Both Sides In The Culture War Are Serving The Interests Of Elites

Discussion in 'Politics' started by poncho, Mar 16, 2014.

  1. poncho

    poncho
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    A number of people sent me the David Atkins piece that Rod Dreher linked to, but I think Dreher takes the discussion in a not-very-fruitful direction. Basically, he suggests that if the Left really cares about economics, they should let the Right have its way on cultural issues, and if the Right really cares about social issues, they should let the Left have its way on economics.

    Which – sure, if that were the true preferences of true entities battling for supremacy. But there is no Left and no Right. Those are abstractions according to which we choose to divide individuals.

    Here’s how I would describe things:

    - Economic elites really care about preserving their privileges.
    - Elected officials really care about reducing the risk of losing office.
    - The culture war – for both nominal Left and Right, is an extremely effective way of serving the interests of both economic elites and elected officials.

    Why? Because the culture war turns politics into a question of identity, of tribalism, and hence narrows the effective choice in elections. We no longer vote for the person who better represents our interests, but for the person who talks our talk, sees the world the way we do, is one of us. That contest is a cheap and easy one for politicians of any stripe to enter – and, usually, an easy one to win. It sorts the overwhelming majority of the population into easy-to-count-on camps who will not demand that politicians do anything for them, because they’re too afraid the hated “other team” might get into power.

    And it’s a good basis for politics from the perspective of economic elites. If the battle between Left and Right is fundamentally over social questions like abortion and gay marriage, then it is not fundamentally over questions like who is making a killing off of government policies and who is getting screwed. Economic elites may lean to one or the other side on any cultural question (they can be found on both sides), but they can maintain their privileges no matter which side wins any particular battle. So whoever they want to win, that’s the ground on which they want the battle to be fought.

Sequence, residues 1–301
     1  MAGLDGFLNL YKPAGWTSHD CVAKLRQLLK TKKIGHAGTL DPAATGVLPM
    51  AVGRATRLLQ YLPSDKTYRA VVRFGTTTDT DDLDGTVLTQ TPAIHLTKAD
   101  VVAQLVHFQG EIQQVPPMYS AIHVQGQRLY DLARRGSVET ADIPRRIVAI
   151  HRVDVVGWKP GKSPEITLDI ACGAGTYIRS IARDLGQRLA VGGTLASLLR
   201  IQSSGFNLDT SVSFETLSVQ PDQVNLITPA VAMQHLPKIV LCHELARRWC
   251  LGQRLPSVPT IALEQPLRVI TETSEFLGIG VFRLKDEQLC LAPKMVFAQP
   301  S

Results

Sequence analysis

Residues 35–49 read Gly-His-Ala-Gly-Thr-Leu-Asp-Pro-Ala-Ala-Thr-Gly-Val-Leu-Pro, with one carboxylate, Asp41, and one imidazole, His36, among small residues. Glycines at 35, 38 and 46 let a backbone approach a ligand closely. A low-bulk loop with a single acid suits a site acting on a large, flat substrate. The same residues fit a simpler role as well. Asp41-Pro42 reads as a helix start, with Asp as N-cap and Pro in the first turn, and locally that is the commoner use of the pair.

Atkins focuses on the Left-wing version of identity politics – the way in which putting so much energy into fighting for adequate representation for every tribal group has drained energy away from the fight to shift the terms of the social contract overall. It’s much easier to get corporations to agree to adopt affirmative action policies than to get them to agree to recognize a union. So if activist energy goes mostly into fighting for the former, by definition it won’t focus on the latter.

    But the same thing is true of Right-wing identity politics. If you can get out the votes by decrying the unfairness of affirmative action, then you won’t need to call for tougher anti-trust enforcement, or for patent and copyright reform, or for breaking up the mega-banks, or for reducing corporate welfare, or for a trade policy organized around moving American manufacturing up the value chain, or any other policy – and I deliberately picked policies that at various points in history have been or could plausibly be part of the Republican “mix” – that might change the terms on which our economy functions in a broad sense, rather than just jockeying for position against other groups within the existing arrangements.

    http://www.theamericanconservative.com/millman/both-sides-in-the-culture-war-are-serving-the-interests-of-elites/
     
    #1 poncho, Mar 16, 2014
    Last edited by a moderator: Mar 16, 2014

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